Business leaders expect lasting impact from digital investment during pandemic

This emerges in the latest Digital Ireland report from Microsoft

More than three quarters of business leaders believe investment into their company’s digital transformation since the start of the pandemic will have a lasting positive impact on their organisation. Photograph: iStock

More than three quarters of business leaders believe investment into their company’s digital transformation since the start of the pandemic will have a lasting positive impact on their organisation. Photograph: iStock

Your Web Browser may be out of date. If you are using Internet Explorer 9, 10 or 11 our Audio player will not work properly.
For a better experience use Google Chrome, Firefox or Microsoft Edge.

 

More than three quarters of business leaders believe investment into their company’s digital transformation since the start of the pandemic will have a lasting positive impact on their organisation, but 43 per cent said they do not have the right digital services and technologies in place to deal with the reality of the new working environment.

These are among the key findings in the latest Digital Ireland report from Microsoft.

Almost half say staff are reluctant to embrace digitalisation. A further 41 per cent said their customers are ahead of them when it comes to demand for digitalised services and solutions. Some 59 per cent of technology leaders believe they are under-utilising their organisation’s data.

The Covid-19 pandemic has spurred a shift to digital technologies in a short period of time as businesses scrambled to find ways to keep operations going amid lockdown restrictions. More than 80 per cent said they were compelled to accelerate the adoption of digital services and technologies faster because of the pandemic.

Cloud operations

Two thirds of businesses said they need to move operations to the cloud so they can prepare for the ‘new normal’ when the pandemic is over.

“The economic and transformative impact of digitalisation both on public and private sector organisations since the Covid-19 emergency began has been monumental. As the report clearly demonstrates, the last 18 months have highlighted the seismic potential of the digital economy in Ireland over the coming years,” said Kieran McCorry, National Technology Officer, Microsoft Ireland.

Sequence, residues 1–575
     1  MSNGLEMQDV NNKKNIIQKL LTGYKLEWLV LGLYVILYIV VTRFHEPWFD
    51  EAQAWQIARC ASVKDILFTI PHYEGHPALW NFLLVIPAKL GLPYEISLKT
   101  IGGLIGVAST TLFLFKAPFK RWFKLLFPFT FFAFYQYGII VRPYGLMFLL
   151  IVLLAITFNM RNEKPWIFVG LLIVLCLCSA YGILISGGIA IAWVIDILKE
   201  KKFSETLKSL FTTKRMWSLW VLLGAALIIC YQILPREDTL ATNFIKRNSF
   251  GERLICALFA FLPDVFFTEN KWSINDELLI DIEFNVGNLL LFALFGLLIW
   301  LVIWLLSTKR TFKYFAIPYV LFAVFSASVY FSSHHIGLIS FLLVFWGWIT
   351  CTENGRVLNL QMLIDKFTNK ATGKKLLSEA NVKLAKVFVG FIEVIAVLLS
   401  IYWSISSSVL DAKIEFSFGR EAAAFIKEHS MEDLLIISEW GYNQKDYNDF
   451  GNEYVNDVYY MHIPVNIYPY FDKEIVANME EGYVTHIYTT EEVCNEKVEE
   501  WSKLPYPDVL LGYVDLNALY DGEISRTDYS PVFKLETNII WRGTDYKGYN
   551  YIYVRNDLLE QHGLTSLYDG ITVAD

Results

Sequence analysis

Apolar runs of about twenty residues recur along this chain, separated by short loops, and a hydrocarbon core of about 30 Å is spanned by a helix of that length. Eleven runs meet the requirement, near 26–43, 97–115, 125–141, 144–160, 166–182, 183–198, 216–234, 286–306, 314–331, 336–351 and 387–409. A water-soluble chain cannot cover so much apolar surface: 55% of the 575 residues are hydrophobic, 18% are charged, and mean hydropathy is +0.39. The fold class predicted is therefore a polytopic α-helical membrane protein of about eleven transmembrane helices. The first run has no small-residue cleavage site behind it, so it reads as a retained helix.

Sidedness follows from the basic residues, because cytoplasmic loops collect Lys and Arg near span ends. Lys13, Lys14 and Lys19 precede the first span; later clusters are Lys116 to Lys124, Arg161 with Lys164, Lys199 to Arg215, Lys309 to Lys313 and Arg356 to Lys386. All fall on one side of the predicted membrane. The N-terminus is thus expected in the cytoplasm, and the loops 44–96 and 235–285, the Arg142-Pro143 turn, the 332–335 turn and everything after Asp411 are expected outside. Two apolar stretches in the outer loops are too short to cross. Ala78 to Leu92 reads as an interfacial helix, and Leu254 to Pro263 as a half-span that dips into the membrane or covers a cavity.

“However, the report also highlights just how much more there is still to do to reach this potential - with many businesses only just now scratching the surface of digital transformation and how they use data and tools, connect with customers, or engage employees.”

The report, Digital Ireland - Inclusive Recovery, surveyed more than 360 business decision-makers and technology leaders nationally, in both the public and private sector.

It highlighted recruitment as a major concern for organisations regarding their future recovery, with 74 per cent believing digitalisation will enable them to attract and retain talent.

“Many organisations were forced to accelerate their adoption of digital technologies and as a result have seen first-hand how easily digitalisation can help them scale by introducing new products or services at pace; migrate business critical operations online; or more effectively interact with their stakeholders,” Mr McCorry said. “ While there is still some hesitancy among senior leaders to fully embrace digitalisation, leaders see that the benefits of adopting digital technologies such as the cloud, far outweigh any perceived challenges. As we look towards recovery, we are seeing enormous interest from Irish organisations of all sizes to embrace and build on their investments to realise the full economic, environmental, and business benefits of digitalisation on a much larger scale - with cloud adoption central to their plans.”

Amárach predicts the digitisation of the Irish economy could potentially be worth in the region of €300 billion in 2023, the equivalent of 65 per cent of economic output.